HMRC triumphs in billion pound Supreme Court case

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The UK’s tax authority has defeated the latest in a string of film partnership avoidance schemes at the Supreme Court, in a ruling that could amount to an additional one billion pounds for the UK’s tax coffers.

The Supreme Court ruled against two users of what HMRC deemed to be a failed tax avoidance film partnership scheme – De Silva and Dokelman – who the Revenue claimed tried to use legitimate investment in the film industry as a ‘hook’ for tax avoidance.

HMRC defeated the avoidance scheme, in which De Silva and Dokelman participated, in court but the pair argued on a technicality that HMRC could not overturn their loss relief claims arising out of the failed schemes.

However, the Supreme Court ruled in favour of HMRC and established the precedent that these taxpayers, and others waiting for this ruling, will now have to pay their tax.

The case dates back to 2011 and involves two taxpayers, referred to in the judgment as “R (on the application of De Silva and another)”.

A Supreme Court summary stated that investors in the scheme had “invested in and became limited partners of various partnerships in the implementation of marketed tax avoidance schemes”.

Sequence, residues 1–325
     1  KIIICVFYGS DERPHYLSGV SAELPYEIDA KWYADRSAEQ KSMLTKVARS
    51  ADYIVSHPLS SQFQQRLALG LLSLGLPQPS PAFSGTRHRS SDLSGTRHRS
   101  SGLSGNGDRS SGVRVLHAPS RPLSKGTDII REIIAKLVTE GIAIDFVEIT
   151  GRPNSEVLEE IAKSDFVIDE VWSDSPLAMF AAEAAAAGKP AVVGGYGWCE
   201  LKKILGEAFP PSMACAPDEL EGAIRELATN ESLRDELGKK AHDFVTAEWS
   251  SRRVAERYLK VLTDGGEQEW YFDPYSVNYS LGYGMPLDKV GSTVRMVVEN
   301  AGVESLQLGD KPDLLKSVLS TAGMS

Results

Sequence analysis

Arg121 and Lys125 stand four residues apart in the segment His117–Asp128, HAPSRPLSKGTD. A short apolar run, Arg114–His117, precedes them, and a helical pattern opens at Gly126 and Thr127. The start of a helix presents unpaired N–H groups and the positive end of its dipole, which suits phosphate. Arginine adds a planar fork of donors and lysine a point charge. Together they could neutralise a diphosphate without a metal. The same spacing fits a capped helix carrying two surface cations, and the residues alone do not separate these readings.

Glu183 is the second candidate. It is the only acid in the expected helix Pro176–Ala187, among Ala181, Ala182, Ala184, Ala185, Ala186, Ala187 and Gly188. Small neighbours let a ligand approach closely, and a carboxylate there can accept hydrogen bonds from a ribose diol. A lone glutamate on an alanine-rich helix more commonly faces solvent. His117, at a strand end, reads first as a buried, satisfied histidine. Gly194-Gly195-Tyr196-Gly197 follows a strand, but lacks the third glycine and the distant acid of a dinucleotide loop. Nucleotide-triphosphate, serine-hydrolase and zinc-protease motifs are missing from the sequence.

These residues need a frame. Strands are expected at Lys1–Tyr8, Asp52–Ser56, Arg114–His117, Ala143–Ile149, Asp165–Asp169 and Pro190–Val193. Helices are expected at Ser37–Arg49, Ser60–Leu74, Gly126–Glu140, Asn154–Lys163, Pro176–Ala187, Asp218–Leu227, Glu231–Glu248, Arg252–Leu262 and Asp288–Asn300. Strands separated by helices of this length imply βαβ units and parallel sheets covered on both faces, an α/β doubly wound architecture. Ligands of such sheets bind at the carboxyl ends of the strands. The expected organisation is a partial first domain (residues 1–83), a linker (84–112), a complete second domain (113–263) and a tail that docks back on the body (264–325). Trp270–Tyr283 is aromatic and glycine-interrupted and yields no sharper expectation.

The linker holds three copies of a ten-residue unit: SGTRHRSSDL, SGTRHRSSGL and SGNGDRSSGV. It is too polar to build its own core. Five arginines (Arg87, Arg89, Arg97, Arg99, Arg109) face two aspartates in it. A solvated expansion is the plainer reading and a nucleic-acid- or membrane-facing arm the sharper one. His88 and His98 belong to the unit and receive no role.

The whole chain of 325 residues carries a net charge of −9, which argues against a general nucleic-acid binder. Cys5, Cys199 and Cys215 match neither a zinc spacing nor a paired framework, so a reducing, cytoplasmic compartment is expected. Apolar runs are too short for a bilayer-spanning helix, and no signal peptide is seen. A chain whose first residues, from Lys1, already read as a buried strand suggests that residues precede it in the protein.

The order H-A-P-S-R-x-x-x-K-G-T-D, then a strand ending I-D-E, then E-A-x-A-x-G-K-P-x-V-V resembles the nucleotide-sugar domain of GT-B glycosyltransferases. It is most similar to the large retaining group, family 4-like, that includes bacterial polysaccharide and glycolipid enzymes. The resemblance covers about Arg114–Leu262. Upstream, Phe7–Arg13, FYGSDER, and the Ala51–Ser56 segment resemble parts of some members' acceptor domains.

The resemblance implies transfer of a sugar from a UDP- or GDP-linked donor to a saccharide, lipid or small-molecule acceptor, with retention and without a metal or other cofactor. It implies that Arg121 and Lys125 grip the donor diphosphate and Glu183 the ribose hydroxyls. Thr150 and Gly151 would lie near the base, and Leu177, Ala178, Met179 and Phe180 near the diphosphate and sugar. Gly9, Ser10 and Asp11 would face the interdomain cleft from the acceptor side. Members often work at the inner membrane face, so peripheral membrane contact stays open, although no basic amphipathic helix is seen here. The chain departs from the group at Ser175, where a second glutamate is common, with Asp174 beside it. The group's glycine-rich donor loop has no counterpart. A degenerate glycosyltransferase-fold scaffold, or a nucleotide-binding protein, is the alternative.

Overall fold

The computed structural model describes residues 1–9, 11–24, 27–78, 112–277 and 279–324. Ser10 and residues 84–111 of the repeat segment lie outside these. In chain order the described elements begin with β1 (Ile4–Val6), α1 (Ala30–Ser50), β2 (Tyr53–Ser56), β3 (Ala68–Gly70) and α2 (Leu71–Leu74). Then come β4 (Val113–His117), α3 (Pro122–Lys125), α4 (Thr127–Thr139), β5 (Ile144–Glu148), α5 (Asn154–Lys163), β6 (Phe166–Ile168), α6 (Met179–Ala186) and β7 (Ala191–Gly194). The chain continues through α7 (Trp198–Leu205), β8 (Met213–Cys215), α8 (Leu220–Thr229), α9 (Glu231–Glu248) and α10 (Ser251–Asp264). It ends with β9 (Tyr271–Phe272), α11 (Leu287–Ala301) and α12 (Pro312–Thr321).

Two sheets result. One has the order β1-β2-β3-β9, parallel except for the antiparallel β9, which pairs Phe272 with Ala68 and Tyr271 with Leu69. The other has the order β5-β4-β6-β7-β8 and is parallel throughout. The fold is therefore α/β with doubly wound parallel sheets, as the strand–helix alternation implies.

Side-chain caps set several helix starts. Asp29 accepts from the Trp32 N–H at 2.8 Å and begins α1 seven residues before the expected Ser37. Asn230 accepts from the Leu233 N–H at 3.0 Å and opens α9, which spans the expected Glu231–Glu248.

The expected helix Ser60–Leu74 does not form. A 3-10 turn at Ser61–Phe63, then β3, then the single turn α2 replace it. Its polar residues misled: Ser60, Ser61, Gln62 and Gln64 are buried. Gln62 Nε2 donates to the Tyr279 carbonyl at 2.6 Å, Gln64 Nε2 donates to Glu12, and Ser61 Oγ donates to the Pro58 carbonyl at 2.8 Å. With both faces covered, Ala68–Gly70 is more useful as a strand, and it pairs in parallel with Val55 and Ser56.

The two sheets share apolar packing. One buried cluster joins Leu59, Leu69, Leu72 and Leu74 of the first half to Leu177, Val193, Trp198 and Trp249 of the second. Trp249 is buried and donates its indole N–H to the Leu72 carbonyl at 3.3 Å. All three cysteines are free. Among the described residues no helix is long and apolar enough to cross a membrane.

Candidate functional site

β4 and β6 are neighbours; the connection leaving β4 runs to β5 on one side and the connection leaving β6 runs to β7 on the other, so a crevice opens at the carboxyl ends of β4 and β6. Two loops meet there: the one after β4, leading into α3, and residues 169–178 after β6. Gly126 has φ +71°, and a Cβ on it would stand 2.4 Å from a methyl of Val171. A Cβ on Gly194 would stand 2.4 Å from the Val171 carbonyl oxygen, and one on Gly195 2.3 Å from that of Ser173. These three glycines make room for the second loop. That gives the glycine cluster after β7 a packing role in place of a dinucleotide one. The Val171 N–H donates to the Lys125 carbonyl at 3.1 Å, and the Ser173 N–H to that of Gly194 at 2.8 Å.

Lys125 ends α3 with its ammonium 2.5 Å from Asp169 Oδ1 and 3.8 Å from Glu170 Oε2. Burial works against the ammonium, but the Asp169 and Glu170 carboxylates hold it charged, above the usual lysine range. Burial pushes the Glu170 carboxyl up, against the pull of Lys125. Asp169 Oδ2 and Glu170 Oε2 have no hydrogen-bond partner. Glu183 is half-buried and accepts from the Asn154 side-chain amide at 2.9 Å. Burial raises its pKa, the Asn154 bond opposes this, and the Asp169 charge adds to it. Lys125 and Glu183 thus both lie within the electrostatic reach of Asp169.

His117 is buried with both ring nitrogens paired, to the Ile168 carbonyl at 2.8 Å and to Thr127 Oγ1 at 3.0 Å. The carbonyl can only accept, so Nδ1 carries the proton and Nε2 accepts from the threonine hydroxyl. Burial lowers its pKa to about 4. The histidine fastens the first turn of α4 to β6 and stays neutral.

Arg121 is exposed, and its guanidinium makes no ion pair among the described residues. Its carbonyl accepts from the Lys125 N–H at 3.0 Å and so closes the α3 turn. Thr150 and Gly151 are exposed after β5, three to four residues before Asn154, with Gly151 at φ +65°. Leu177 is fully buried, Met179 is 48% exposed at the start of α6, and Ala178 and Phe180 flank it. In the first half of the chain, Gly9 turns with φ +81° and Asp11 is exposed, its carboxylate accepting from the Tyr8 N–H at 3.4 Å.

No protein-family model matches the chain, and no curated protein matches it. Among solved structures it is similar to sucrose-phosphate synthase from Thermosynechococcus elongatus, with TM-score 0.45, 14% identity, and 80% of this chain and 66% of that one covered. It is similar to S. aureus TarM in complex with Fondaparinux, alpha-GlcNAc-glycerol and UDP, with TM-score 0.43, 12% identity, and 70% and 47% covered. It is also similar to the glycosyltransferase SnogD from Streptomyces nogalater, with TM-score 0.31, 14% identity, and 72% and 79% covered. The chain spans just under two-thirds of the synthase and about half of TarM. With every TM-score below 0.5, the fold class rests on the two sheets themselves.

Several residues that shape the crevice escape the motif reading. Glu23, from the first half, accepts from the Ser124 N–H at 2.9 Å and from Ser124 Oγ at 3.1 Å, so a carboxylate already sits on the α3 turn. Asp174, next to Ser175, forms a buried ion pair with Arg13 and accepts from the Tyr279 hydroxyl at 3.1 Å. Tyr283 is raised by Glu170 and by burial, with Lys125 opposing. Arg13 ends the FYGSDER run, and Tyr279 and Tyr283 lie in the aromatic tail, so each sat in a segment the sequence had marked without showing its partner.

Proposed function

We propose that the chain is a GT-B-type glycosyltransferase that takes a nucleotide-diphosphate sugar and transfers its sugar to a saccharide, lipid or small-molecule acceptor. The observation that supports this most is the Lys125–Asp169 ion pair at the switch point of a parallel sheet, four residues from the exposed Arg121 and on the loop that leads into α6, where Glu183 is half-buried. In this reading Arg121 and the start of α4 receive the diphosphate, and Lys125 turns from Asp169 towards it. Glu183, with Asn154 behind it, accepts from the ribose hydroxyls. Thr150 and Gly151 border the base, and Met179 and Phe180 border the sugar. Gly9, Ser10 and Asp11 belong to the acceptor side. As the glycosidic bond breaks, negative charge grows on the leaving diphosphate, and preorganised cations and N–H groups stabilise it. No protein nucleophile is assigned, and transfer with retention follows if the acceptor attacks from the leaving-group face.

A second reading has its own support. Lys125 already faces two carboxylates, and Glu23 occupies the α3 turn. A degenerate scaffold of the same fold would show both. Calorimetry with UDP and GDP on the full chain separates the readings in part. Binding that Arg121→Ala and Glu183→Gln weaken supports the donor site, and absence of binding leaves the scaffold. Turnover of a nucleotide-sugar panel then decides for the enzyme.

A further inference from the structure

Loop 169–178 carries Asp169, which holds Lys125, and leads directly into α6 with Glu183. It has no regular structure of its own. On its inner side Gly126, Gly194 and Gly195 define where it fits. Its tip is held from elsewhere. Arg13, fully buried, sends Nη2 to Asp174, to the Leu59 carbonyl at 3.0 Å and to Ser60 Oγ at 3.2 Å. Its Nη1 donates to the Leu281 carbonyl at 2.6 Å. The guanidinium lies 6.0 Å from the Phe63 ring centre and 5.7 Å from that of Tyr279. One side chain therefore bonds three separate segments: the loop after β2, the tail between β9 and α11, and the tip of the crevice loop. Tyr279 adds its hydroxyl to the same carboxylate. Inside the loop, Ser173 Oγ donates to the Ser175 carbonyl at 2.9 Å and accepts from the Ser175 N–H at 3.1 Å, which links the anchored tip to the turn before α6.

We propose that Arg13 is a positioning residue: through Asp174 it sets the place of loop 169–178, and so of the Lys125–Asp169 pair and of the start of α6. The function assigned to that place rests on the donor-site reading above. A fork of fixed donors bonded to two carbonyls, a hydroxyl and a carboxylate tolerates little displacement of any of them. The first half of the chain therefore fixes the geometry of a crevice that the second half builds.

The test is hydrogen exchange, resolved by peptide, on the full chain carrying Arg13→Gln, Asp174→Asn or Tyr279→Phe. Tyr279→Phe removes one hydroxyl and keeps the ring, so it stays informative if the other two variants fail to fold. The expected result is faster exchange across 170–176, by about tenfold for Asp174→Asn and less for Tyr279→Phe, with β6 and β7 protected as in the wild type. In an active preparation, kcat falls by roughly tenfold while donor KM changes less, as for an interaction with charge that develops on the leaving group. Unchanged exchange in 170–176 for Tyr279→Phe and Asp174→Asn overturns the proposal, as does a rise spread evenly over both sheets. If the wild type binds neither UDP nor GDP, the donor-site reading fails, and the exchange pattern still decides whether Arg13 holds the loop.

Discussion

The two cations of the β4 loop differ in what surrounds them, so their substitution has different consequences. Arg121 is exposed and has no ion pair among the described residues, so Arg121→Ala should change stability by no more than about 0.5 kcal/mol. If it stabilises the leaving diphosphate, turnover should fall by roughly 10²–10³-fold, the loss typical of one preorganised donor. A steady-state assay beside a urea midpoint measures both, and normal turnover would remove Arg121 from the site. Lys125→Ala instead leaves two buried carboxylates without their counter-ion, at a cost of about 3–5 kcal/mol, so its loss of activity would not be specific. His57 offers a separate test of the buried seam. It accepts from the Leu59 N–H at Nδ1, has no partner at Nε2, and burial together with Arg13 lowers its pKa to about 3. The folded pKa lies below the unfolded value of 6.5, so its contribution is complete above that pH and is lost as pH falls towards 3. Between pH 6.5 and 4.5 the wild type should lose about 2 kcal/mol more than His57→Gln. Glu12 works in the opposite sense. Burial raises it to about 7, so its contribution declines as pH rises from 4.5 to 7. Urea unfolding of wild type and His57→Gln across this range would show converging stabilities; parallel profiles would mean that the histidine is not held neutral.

Others will have to ‘pay what they owe’

Commenting on the case Jim Harra, director general for customer strategy and tax design at HMRC, said: “This is another great success in HMRC’s drive against tax avoidance. HMRC defeated De Silva and Dokelman’s tax avoidance scheme but they still argued on a technicality that the department could not collect the tax.

“The Supreme Court’s decision in favour of HMRC on this point will ensure that these taxpayers and others waiting behind their case will have to pay what they owe.”

String of HMRC victories

The victory is the latest in a string of HMRC victories against investment schemes in the creative industries for tax purposes.

In June the ‘Ingenious’ film partnership lost the latest decision in an ongoing dispute with HMRC over an estimated £700m tax bill after a tribunal ruled losses eligible for tax relief were to be cut to 4%, while the latest ‘Icebreaker’ appeal was dismissed by the Upper Tribunal.

The UK’s tax authority has lost only three of the tax avoidance cases which went to court in 2016-17, out of a total of 26 decisions on tax avoidance between HMRC and a company or individual.

About Tom Herbert

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